With representatives from Mexico, Canada, and the United States currently meeting in Montreal for the sixth round of negotiations on the North American Free Trade Agreement (NAFTA) reforms, major differences remain, and the March deadline is approaching fast. With its sprawling transnational network predicated on free trade, FedEx is following the developments closely, especially regarding the growth of the digital economy and e-commerce, and the free movement of data across borders.
With a reworked trade deal all but certain, FedEx is using the opportunity to support amendments that take into consideration the increasingly digital nature of our economy. “NAFTA gives us the opportunity to enact modern rules that protect the flow of this data across borders,” said FedEx Express’ managing director, legal, trade and international affairs, Ralph Carter.
Carter and his team are advocating for simpler, more open trade rules that reduce barriers and help FedEx customers expand their international business.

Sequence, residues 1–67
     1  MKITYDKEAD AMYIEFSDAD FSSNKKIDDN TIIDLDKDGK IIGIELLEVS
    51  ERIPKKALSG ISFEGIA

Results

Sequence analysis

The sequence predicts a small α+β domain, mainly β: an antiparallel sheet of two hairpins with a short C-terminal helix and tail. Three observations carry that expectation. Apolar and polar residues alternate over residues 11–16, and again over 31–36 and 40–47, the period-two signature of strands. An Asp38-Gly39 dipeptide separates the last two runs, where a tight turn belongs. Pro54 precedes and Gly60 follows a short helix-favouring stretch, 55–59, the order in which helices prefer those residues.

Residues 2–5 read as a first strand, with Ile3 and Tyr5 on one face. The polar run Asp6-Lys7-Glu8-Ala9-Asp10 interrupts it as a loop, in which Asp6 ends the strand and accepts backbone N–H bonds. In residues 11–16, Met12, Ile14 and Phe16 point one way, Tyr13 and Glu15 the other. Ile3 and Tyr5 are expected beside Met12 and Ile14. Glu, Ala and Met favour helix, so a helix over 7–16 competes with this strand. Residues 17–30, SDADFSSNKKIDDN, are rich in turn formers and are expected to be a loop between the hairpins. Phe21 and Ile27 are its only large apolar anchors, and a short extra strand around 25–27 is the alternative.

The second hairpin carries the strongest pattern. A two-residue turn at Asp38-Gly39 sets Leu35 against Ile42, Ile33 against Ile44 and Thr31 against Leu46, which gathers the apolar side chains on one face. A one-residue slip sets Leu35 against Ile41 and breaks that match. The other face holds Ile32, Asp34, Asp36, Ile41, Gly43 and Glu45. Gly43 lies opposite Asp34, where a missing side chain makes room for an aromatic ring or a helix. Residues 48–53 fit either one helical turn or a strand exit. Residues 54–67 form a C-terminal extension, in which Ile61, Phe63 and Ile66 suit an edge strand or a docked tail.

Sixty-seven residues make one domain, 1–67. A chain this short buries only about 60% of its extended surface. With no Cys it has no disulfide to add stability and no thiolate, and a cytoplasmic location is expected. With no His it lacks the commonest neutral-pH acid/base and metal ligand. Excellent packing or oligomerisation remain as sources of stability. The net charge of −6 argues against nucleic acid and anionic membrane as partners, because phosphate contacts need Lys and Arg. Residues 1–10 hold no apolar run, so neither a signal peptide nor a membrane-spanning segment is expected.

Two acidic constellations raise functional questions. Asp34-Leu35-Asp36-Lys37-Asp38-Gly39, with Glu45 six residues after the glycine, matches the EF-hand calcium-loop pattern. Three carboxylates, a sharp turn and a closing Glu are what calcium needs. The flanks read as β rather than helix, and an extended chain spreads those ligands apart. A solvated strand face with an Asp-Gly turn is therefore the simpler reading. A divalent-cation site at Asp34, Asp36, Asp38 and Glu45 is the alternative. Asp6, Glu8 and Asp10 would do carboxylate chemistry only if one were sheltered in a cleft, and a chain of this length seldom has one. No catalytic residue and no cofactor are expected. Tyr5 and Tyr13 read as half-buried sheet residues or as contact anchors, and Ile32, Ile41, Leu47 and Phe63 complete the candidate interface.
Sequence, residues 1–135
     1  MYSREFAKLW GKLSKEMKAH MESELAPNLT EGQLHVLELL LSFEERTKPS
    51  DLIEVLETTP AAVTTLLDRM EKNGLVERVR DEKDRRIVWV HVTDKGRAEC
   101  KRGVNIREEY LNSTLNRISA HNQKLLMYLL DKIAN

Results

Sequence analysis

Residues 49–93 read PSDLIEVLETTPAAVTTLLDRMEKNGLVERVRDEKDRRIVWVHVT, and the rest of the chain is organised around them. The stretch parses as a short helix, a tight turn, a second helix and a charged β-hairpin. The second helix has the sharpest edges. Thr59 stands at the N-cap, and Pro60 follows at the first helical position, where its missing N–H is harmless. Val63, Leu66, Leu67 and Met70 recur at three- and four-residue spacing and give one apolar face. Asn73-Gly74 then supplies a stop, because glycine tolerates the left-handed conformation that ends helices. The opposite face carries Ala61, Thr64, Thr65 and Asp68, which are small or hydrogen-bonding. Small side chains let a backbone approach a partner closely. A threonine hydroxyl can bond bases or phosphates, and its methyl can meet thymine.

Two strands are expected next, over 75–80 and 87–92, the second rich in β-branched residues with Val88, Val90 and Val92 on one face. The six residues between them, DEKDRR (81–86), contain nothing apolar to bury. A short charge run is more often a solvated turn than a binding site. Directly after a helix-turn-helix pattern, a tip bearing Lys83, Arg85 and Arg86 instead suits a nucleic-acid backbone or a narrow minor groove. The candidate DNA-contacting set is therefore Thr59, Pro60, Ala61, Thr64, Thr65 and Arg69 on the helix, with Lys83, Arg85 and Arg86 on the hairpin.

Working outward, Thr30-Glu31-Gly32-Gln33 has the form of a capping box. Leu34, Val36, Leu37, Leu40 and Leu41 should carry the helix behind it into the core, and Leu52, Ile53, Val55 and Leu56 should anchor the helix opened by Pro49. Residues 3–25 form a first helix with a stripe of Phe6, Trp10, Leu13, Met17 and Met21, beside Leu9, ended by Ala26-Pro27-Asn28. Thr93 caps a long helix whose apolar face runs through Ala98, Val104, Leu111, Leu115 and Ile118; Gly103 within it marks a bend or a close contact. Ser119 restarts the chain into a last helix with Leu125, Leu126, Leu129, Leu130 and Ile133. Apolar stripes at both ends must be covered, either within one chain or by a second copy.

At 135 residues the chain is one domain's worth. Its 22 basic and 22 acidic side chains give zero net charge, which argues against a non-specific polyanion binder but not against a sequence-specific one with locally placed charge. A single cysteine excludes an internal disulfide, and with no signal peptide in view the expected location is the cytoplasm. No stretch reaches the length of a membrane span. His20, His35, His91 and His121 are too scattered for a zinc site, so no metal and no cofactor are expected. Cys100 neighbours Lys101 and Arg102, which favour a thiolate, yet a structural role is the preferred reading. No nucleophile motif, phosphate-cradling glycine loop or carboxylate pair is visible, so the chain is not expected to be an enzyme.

FedEx wants Mexico and Canada to raise their “de minimis” levels – the value below which a good enters a country without being charged duty. In the U.S., goods valued below US$800 enter duty-free. But in Mexico, the limit is about $50, and in Canada goods over $15 are subject to charges. That means Canadian residents are charged duty and taxes on very low-priced e-commerce products from the U.S. or Mexico, putting retailers from other NAFTA countries at a disadvantage.
While many in the logistics industry resisted efforts to change NAFTA, which has generated trillions of dollars in trade, the industry is now pivoting towards reform, hoping to improve on the existing framework.